ROSARIO v. MCNAUGHT et al - Document 4

Court Description: OPINION. Signed by Judge Dickinson R. Debevoise on 4/1/2009. (ld, )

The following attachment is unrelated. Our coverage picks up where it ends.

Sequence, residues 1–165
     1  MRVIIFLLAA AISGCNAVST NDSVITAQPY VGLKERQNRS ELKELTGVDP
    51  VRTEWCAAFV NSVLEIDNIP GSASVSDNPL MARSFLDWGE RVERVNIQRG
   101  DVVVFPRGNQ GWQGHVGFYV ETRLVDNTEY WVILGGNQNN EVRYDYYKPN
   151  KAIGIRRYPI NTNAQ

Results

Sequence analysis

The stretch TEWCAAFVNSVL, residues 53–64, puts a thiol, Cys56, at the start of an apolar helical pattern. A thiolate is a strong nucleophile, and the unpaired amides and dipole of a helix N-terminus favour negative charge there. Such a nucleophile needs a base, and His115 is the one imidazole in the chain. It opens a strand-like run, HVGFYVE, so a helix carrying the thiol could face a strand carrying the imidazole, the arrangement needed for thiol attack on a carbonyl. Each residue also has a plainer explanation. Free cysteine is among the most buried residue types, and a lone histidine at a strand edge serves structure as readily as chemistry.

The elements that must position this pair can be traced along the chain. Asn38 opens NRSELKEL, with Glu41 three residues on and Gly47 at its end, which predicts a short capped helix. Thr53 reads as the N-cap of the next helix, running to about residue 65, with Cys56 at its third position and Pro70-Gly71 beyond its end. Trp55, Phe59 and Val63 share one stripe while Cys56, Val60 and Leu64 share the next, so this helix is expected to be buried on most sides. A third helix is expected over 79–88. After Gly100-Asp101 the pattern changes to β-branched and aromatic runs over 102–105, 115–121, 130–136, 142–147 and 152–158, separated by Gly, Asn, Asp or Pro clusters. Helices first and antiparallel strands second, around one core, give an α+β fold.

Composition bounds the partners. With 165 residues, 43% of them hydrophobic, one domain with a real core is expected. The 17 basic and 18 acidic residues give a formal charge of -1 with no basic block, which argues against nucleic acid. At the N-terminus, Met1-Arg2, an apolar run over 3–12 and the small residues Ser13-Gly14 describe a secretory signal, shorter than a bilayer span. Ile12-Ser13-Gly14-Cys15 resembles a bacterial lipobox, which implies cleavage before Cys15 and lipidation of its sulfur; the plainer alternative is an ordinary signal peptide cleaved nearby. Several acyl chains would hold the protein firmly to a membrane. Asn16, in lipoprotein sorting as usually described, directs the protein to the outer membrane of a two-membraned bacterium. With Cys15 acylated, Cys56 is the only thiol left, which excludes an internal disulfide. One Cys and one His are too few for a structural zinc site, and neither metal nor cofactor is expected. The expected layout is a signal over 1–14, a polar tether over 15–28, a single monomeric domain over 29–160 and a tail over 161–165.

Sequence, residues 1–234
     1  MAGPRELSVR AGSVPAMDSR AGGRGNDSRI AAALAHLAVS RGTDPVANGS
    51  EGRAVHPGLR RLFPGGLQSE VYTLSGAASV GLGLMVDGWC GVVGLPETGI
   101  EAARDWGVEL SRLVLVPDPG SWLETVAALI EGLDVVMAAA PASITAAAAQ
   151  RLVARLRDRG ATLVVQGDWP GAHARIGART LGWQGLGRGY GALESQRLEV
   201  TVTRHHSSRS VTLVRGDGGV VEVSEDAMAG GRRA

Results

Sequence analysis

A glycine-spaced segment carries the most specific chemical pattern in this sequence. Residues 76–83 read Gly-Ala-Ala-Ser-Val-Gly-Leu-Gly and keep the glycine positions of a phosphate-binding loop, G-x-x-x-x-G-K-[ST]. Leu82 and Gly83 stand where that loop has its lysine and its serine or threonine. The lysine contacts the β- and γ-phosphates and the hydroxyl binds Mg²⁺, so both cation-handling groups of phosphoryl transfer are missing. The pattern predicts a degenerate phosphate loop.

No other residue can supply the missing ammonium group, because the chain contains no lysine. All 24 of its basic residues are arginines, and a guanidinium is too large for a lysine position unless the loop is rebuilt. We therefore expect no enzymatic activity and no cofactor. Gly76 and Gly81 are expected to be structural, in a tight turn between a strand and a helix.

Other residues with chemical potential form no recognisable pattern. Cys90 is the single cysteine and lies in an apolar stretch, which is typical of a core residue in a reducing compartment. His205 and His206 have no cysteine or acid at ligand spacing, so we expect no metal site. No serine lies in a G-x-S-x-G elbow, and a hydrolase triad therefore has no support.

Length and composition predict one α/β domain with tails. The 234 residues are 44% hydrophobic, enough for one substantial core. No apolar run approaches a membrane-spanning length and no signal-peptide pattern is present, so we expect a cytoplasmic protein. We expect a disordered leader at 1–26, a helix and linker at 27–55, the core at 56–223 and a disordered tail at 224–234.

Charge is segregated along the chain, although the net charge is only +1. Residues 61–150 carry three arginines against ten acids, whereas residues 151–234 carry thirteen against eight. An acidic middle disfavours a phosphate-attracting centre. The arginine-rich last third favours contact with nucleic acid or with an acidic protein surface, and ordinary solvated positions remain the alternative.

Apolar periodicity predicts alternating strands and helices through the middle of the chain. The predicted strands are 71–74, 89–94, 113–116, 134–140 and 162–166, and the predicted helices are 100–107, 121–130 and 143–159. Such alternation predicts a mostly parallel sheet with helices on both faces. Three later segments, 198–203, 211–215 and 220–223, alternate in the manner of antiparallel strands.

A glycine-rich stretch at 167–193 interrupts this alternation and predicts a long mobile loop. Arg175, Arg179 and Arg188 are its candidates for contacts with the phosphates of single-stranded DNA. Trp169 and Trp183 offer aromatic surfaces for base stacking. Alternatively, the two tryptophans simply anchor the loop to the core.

Download PDF NOT FOR PUBLICATION UNITED STATES DISTRICT COURT DISTRICT OF NEW JERSEY REYNALDO ROSARIO, Plaintiff, v. ROBERT McNAUGHT, et al., Defendants. : : : : : : : : : : : Civil No. 08-4703 (DRD) O P I N I O N APPEARANCES: Reynaldo Rosario, Pro Se #22362-050 FCI Fort Dix Housing Unit 5852, Room 307 P.O. Box 2000 Fort Dix, NJ 08640 DEBEVOISE, District Judge Plaintiff, Reynaldo Rosario, currently incarcerated at the Federal Correctional Institution, Fort Dix, New Jersey, seeks to bring this action in forma pauperis, without prepayment of fees, pursuant to 28 U.S.C. § 1915. Based on Plaintiffâ s affidavit of indigence and institutional account statement, the Court will grant his application to proceed in forma pauperis pursuant to 28 U.S.C. § 1915(a) and order the Clerk of the Court to file the complaint. 1 1 This case was previously administratively terminated because Plaintiff failed to either pay the $350.00 filing fee or apply to proceed in forma pauperis. On October 10, 2008, At this time, the Court must review the complaint pursuant to 28 U.S.C. §§ 1915(e)(2) and 1915A to determine whether it should be dismissed as frivolous or malicious, for failure to state a claim upon which relief may be granted, or because it seeks monetary relief from a defendant who is immune from such relief. For the following reasons, Plaintiffâ s complaint will be dismissed. BACKGROUND Plaintiff seeks to sue under Bivens v. Six Unknown Named Agents of Federal Bureau of Narcotics, 403 U.S. 388, 389 (1971), alleging that the defendants violated his constitutional rights. Plaintiff names as defendants Robert McNaught, an officer of the Customs Department; Olayi Milian, Rene Beltran, and Michael Malagon, private citizens who may have been informants in his criminal case; and James McMahon, an Assistant United States Attorney for the District of New Jersey. (Complt., ¶¶ 20-24). Plaintiffâ s complaint recounts the history of his criminal case, dating back to 1993, up to his sentencing in 1999. ¶¶ 27-41). (Complt, Plaintiff notes that in April of 1993, an indictment was issued against him charging two counts: Conspiracy with Intent to Distribute Cocaine, and Possession of Cocaine. Plaintiff was sentenced for the possession of 50 kilograms of cocaine; however, Plaintiffâ s application to proceed in forma pauperis was received by the Court, and this case has been reopened under separate Order. 2 he believed that he was only being charged and convicted for 5 kilograms of cocaine. (Complt., ¶¶ 37-38). Plaintiff asks that a proper investigation be made, â so the missing, unmentioned 45 kilograms of cocaine whereabouts, could come to light, which was never, and I repeat which was never presented in any of my proceedings in Plaintiffâ s case or even brought as evidence when Plaintiffâ s arrest was taking place.â (Complt., ¶ 39). Plaintiff alleges that the day of his arrest, â the vehicle that transported both Plaintiff . . . and the 50 kilograms of cocaine that I got charge[d] with, stood in possession of Defendants Olayi Milian, Robert McNaught and his Special Agents. I never saw the 50 kilograms or never in possession, it was hidden so the Defendants could steal the 45 kilograms that were missing.â (Complt., ¶ 40). Plaintiff asks for monetary and other relief. DISCUSSION A. Standard of Review In determining the sufficiency of a complaint, the Court must be mindful to construe the facts stated in the complaint liberally in favor of the plaintiff. See Haines v. Kerner, 404 U.S. 519 (1972); United States v. Day, 969 F.2d 39, 42 (3d Cir. 1992). The Court should â accept as true all of the [factual] allegations in the complaint and reasonable inferences that can be drawn therefrom, and view them in the light most favorable to the 3 plaintiff.â Morse v. Lower Merion School Dist., 132 F.3d 902, 906 (3d Cir. 1997). While a court will accept well-pled allegations as true, it will not accept bald assertions, unsupported conclusions, unwarranted inferences, or sweeping legal conclusions cast in the form of factual allegations. See id. â Federal Rule of Civil Procedure 8(a)(2) requires only â a short and plain statement of the claim showing that the pleader is entitled to relief,â in order to â give the defendant fair notice of what the ... claim is and the grounds upon which it rests.â â Bell Atl. Corp. v. Twombly, 550 U.S. 544, ----, 127 S. Ct. 1955, 1964 (2007) (quoting Conley v. Gibson, 355 U.S. 41, 47, (1957), while abrogating the decision in other respects). The Court of Appeals for the Third Circuit recently provided detailed and highly instructive guidance as to what type of allegations qualify as sufficient to pass muster under the Rule 8 pleading standard. See Phillips v. County of Allegheny, 515 F.3d 224, 230-34 (3d Cir. 2008). The Court of Appeals explained, in relevant part: [T]he pleading standard can be summed up thus: â stating ... a claim requires a complaint with enough factual matter (taken as true) to suggestâ the required element. This â does not impose a probability requirement at the pleading stage[ ]â but . . . â calls for enough facts to raise a reasonable expectation that discovery will reveal evidence ofâ the necessary element. Phillips, 515 F.3d at 234 (internal citations omitted). 4 B. Bivens Actions Plaintiffâ s claims against the defendant federal actors, have their jurisdictional basis under Bivens v. Six Unknown Fed. Narcotics Agents, 403 U.S. 388 (1971). Under Bivens, the Supreme Court held that one is entitled to recover monetary damages for injuries suffered as a result of federal officialsâ violations of the Fourth Amendment. In doing so, the Supreme Court created a new tort as it applied to federal officers, and a federal counterpart to the remedy created by 42 U.S.C. § 1983. The Supreme Court has also implied Bivens damages remedies directly under the Eighth Amendment, see Carlson v. Green, 446 U.S. 14 (1980), and the Fifth Amendment, see Davis v. Passman, 442 U.S. 228 (1979). In order to state a claim under Bivens, a claimant must show (1) a deprivation of a right secured by the Constitution and laws of the United States; and (2) that the deprivation of the right was caused by an official acting under color of federal law. See Mahoney v. Natâ l Org. For Women, 681 F. Supp. 129, 132 (D. Conn. 1987)(citing Flagg Brothers, Inc. v. Brooks, 436 U.S. 149, 155-56 (1978)). Bivens actions are analogous to suits under 42 U.S.C. § 1983 against state officials who violate federal constitutional or statutory rights. The two bodies of law are not "precisely parallel;" however, there is a "general trend" to incorporate § 5 1983 law into Bivens suits. See Egervary v. Rooney, 80 F. Supp. 2d 491 (E.D. Pa. 2000) (citing Chin v. Bowen, 833 F.2d 21, 24 (2d Cir. 1987)). C. Defendant McMahon Will Be Dismissed from this Action. Plaintiff names as a defendant in this action Assistant United States Attorney (â AUSAâ ) James McMahon, a federal prosecutor. He alleges that AUSA McMahon issued the formal complaint against him, charging him for 5 kilograms of cocaine. However, the claims against this defendant must be dismissed, as federal prosecutors are generally immune from suit under Bivens. See Brawer v. Horowitz, 535 F.2d 830 (3d Cir. 1991) (federal prosecutor against whom Bivens claim was brought was entitled to absolute immunity where the allegations relate solely to his initiating and presenting a criminal case); see also Yarris v. County of Delaware, 535 F.3d 129, 139 (3d Cir. 2006). Thus, this defendant will be dismissed from this action, with prejudice. D. Plaintiffâ s Claims Do Not Warrant Relief. Plaintiffâ s claim that he was wrongly convicted and/or sentenced based on the quantity of cocaine listed in the indictment are not proper claims under Bivens. In a series of cases beginning with Preiser v. Rodriguez, 411 U.S. 475 (1973), the Supreme Court has analyzed the intersection of 42 U.S.C. § 1983 and the federal habeas corpus statute, 28 6 U.S.C. § 2254. The Court held that "when a state prisoner is challenging the very fact or duration of his physical imprisonment, and the relief he seeks is a determination that he is entitled to immediate release or a speedier release from that imprisonment, his sole federal remedy is a writ of habeas corpus." Id. at 500. In Heck v. Humphrey, 512 U.S. 477 (1994), the Court addressed a corollary question to that presented in Preiser, whether a prisoner could challenge the constitutionality of his conviction in a suit for damages only under § 1983, a form of relief not available through a habeas corpus proceeding. Again, the Court rejected § 1983 as a vehicle to challenge the lawfulness of a criminal judgment. [I]n order to recover damages for allegedly unconstitutional conviction or imprisonment, or for other harm caused by actions whose unlawfulness would render a conviction or sentence invalid, a § 1983 plaintiff must prove that the conviction or sentence has been reversed on direct appeal, expunged by executive order, declared invalid by a state tribunal authorized to make such determination, or called into question by a federal courtâ s issuance of a writ of habeas corpus, 28 U.S.C. § 2254. A claim for damages bearing that relationship to a conviction or sentence that has not been so invalidated is not cognizable under § 1983. 512 U.S. at 486-87 (footnote omitted). The Court further instructed district courts, in determining whether a complaint states a claim under § 1983, to evaluate whether a favorable 7 outcome would necessarily imply the invalidity of a criminal judgment. Thus, when a state prisoner seeks damages in a § 1983 suit, the district court must consider whether a judgment in favor of the plaintiff would necessarily imply the invalidity of his conviction or sentence; if it would, the complaint must be dismissed unless the plaintiff can demonstrate that the conviction or sentence has already been invalidated. But if the district court determines that the plaintiffâ s action, even if successful, will not demonstrate the invalidity of any outstanding criminal judgment against the plaintiff, the action should be allowed to proceed, in the absence of some other bar to the suit. 512 U.S. at 487 (footnotes omitted). The Court further held that "a § 1983 cause of action for damages attributable to an unconstitutional conviction or sentence does not accrue until the conviction or sentence has been invalidated." Id. at 489-90. "Considering Heck and summarizing the interplay between habeas and § 1983 claims, the Supreme Court recently explained that, â a state prisonerâ s § 1983 action is barred (absent prior invalidation) - no matter the relief sought (damages or equitable relief), no matter the target of the prisonerâ s suit (state conduct leading to conviction or internal prison proceedings) - if success in that action would necessarily demonstrate the invalidity of the confinement or its duration.â " Williams v. Consovoy, 453 F.3d 173, 177 (3d Cir. 2006) (quoting Wilkinson v. Dotson, 544 U.S. 74, 81-82 (2005)) (emphasis in original). 8 The claims asserted by Plaintiff regarding the investigation and evidence presented at his trial, and his sentencing, are the type of claims that would necessarily demonstrate the invalidity of his conviction. Accordingly, these claims have not yet accrued and must be dismissed, without prejudice. See Wallace v. Kato, 127 S. Ct. 1091 (2007); Adams v. City of Oakland, 1995 WL 150562 (N.D. Cal. 1995). 2 CONCLUSION Based upon the foregoing, Plaintiffâ s complaint will be dismissed. The Court will file an appropriate order. s/ Dickinson R. Debevoise DICKINSON R. DEBEVOISE United States District Judge Dated: April 1, 2009 2 Although Plaintiff is a federal prisoner, the reasoning of Heck applies to federal prisonersâ Bivens claims. See Williams v. Hill, 74 F.3d 1339, 1341 (D.C. Cir. 1996)(reasoning that Bivens claims and Section 1983 claims are similar and Heck applies to Bivens claims); Abella v. Rubino, 63 F.3d 1063, 1065 (11th Cir. 1995) (same); Zolicoffer v. Federal Bureau of Investigation, 884 F. Supp. 173, 175-76 (M.D. Pa. 1995)(same). 9